Life is inherently unfair and it can be challenging to not to take it personally. Especially when it is personal: Nowhere is life’s unfairness more apparent than inheriting our parents’ unresolved issues. Perhaps this is an understatement. Most of us have a thing or two we dislike intensely about our parents. Little did we suspect they would become our problem to solve later in life. Our parents’ unfinished business became our unfinished business and, in a term coined by an unknown psychologist, what we leave incomplete we are doomed to repeat. Trauma begets drama. You can read more about the unfairness of life as characterized in mythology here (from where, you ask? The Old Testament, of course! Coming soon.)

It’s readily apparent that beliefs, ideas, and hang-ups from our parents have shaped our subjective experience. If our experience is painful enough, if our issues are big enough, and if our genes predispose us to it, we turn to alcohol & drugs. As we all know, alcohol and drugs temporarily remove the uncomfortable subjective experience and replace it with a positive one, and this happens instantly.

Everything that has happened in our lives, whether we chose it or not, led to where we are today. So the question becomes, “How can I take responsibility for my life when so many bad things happened?” And some (but not all) might ask, “How can I be responsible for my life if I have a genetic disposition towards the disease of alcoholism and am ‘powerless’ over taking a drink?” and “I know I need to take responsibility for my life, but how can I fully do that when, darn it, I’m not in fact totally responsible!” This is a central dilemma.

Victimhood is Repulsive and Contrary to Our Humanity

Alongside those thoughts is the visceral repulsion, the instinctive revulsion against the idea that we are not responsible for ourselves. We have a bone-deep knowledge that it’s childish and is contrary to our humanity. It impacts our sense of self, our ego, and our self-esteem to entertain the idea that we are not responsible because it implies that we are nothing but driftwood tossed around by the currents and tides of life.

The short answer to why we must embrace responsibility for the entirety of our lives is because it’s better than the alternative. We may be victims, but dwelling on that fact is simply not helpful because embracing victimhood keeps us trapped in the past and prevents us from moving forward. Avoiding self-responsibility is us victimizing ourselves with regard to our own lives – it leaves us helpless. We give power to everyone except ourselves. Victimhood is a trap because:

  • Victimhood is a waste of time. It can only move us away from the solutions to our problems, not toward them.
  • It leads to more negative emotions (anger, resentment, loneliness) and suffering.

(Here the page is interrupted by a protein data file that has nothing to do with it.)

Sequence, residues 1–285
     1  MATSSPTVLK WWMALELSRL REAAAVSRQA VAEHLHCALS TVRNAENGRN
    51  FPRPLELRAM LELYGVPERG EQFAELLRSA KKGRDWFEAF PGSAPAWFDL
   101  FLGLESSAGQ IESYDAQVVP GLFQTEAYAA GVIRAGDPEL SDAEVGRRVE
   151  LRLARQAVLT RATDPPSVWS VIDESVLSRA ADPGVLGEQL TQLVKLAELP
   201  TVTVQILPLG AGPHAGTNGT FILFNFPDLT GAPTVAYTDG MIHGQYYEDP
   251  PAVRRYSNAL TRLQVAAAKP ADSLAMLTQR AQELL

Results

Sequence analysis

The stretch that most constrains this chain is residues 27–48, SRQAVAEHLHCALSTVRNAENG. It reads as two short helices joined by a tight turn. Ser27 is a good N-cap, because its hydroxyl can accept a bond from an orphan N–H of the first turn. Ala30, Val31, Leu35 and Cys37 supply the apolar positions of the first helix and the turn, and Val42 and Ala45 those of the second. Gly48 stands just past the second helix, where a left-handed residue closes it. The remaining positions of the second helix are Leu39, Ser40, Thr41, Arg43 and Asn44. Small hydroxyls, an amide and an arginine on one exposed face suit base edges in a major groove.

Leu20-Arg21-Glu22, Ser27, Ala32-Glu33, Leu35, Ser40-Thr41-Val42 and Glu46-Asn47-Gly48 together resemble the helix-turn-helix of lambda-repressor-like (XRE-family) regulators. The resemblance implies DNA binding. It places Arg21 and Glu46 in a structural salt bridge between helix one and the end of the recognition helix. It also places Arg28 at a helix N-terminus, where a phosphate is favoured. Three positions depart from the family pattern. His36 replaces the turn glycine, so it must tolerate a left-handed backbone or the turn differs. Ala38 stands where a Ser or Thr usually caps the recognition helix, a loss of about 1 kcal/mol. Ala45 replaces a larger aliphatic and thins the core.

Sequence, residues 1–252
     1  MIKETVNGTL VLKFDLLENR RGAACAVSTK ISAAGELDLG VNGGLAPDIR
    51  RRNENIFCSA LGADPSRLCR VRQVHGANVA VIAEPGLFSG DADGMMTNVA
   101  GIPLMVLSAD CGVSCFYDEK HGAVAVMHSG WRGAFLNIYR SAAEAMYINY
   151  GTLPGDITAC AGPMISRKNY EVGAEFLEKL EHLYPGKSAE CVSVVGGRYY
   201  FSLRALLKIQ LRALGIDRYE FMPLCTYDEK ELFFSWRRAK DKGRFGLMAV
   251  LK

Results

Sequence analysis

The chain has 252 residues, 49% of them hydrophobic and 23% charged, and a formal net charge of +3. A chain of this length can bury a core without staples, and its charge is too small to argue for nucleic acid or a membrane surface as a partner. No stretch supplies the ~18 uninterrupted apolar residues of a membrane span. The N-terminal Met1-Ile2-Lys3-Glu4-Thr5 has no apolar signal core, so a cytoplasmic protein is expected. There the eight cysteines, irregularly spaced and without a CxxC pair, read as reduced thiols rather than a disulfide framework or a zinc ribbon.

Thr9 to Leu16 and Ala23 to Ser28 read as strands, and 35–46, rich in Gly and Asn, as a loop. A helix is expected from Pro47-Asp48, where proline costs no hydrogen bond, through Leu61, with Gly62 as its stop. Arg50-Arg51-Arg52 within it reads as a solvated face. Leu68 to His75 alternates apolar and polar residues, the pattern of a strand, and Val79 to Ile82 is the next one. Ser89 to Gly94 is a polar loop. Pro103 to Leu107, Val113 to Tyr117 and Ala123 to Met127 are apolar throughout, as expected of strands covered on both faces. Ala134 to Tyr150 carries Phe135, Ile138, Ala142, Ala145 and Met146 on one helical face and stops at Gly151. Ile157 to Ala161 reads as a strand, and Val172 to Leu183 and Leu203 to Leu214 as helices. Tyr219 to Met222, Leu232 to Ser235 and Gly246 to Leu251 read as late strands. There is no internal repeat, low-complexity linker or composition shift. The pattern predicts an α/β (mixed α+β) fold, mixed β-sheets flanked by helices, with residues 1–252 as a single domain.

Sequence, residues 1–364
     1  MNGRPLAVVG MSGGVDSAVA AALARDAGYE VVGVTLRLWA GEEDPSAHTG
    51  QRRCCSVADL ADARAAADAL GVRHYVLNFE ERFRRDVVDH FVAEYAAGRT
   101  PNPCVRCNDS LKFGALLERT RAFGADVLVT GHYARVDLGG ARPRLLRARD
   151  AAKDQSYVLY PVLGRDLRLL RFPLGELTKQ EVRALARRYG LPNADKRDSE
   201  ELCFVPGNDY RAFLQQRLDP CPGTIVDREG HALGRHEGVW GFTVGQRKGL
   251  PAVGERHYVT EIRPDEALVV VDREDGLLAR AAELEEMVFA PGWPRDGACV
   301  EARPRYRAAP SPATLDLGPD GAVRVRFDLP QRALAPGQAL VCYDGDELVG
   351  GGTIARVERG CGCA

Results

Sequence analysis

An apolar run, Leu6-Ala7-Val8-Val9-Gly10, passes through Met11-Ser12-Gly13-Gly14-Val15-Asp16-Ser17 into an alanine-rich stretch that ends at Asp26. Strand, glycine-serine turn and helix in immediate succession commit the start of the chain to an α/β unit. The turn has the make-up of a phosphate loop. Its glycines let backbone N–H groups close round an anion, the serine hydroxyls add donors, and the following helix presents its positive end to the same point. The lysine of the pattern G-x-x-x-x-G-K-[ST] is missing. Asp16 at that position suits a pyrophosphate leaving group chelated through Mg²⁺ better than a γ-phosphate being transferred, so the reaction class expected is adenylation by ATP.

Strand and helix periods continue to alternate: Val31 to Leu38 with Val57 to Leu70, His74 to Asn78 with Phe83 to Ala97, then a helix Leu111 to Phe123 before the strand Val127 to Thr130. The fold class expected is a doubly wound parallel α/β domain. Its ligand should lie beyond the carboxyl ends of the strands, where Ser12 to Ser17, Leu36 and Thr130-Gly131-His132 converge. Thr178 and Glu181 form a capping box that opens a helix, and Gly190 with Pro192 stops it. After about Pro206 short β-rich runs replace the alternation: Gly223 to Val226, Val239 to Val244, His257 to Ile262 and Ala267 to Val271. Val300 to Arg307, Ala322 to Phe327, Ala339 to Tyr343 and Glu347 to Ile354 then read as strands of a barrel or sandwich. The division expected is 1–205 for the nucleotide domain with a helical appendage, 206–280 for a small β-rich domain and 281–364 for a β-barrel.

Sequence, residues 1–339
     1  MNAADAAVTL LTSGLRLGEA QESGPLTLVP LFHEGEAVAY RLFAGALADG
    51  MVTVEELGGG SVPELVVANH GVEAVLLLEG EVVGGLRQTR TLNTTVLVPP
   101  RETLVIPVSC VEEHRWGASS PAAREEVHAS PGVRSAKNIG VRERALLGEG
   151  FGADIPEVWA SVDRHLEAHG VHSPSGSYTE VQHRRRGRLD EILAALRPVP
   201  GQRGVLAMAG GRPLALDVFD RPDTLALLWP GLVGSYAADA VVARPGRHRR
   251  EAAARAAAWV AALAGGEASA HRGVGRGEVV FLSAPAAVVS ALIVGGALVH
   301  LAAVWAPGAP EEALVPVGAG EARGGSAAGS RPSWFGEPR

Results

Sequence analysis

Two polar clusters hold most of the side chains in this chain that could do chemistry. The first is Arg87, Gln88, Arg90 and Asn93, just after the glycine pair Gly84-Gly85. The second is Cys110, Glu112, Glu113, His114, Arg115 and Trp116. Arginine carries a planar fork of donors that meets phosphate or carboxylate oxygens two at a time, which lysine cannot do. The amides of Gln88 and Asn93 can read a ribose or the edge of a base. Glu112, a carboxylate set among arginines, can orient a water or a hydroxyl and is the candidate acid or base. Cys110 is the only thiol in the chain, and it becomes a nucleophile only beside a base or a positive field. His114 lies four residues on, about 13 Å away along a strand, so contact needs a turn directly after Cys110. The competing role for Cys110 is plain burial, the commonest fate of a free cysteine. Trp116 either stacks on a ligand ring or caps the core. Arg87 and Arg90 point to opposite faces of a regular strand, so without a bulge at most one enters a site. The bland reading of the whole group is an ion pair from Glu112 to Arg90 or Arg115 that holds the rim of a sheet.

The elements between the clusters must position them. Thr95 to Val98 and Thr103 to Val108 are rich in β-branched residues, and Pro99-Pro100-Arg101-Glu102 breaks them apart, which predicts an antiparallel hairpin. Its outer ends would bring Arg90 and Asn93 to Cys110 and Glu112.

• Victimhood can become a self-fulfilling prophecy – it breeds poor performance and more failures which reinforce the sense of victimhood.
  • Victimhood prevents us from dealing with negative emotions (grief, sadness, anger) because it keeps the focus on the past:
  • It keeps us fixated on how and why things should be different rather than acceptance.
  • Acceptance allows space for grieving what has happened, what has been lost, and what can not be changed.
  • Instead of dwelling on the injustices of the past, we must grieve and let go.

It’s What We Do With Our Scars That Counts

No one emerges unscathed into adulthood. Some have it easier than others, but our success in life is in no small part determined by our capability to overcome and integrate the negative experiences of childhood. Some people may appear to live charmed lives but we only see what they choose to show us; we cannot know the internal struggles others have fought to get to where they are.

I am not what happened to me, I am what I choose to become. – Carl Jung

Taking Responsibility: Seizing Our Personal Power from the Jaws of Victimhood

Victimhood thus represents a type of negative psychological trap. The obvious counterintuitive is that taking responsibility leads not to burden but instead to freedom.

Reframe the Blame Game: Living responsibly is not just a commitment to shape our decision-making and actions; it also involves a change in mindset. “Feelings” such as betrayal, rejection, humiliation, and abandonment are in fact not feelings at all but beliefs. These beliefs are associated with judgments that trap us in our own narrative. Each is a form of blame and is an obstacle to experiencing the underlying feeling of loss. The beliefs only serve to justify and indulge our narcissistic (or childlike) ego at the expense of our mature masculine or feminine ego.

Let’s examine the textbook example of the victim mindset, the rhetorical question, “Why do people take advantage of me?” or alternatively, “Why do I let people take advantage of me?” In both cases blame is implied; in the first case the individual is blaming others and in the second themselves. Notice how blame is not part of a solution — it keeps us stuck in the problem.